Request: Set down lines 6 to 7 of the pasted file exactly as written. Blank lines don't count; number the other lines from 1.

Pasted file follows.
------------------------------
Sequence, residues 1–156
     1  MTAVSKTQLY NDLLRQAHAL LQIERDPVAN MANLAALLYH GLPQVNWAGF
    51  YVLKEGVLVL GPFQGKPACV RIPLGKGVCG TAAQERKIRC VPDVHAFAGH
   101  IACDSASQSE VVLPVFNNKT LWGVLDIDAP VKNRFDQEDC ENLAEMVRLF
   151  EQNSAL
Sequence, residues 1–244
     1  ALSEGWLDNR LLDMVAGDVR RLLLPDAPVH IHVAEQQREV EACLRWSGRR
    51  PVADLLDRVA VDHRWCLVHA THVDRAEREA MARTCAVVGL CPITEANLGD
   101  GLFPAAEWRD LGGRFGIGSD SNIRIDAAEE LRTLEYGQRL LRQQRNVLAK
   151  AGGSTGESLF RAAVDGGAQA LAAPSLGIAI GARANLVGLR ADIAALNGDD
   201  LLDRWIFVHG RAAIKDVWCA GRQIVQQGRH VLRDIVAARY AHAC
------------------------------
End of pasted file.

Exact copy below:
Sequence, residues 1–244
     1  ALSEGWLDNR LLDMVAGDVR RLLLPDAPVH IHVAEQQREV EACLRWSGRR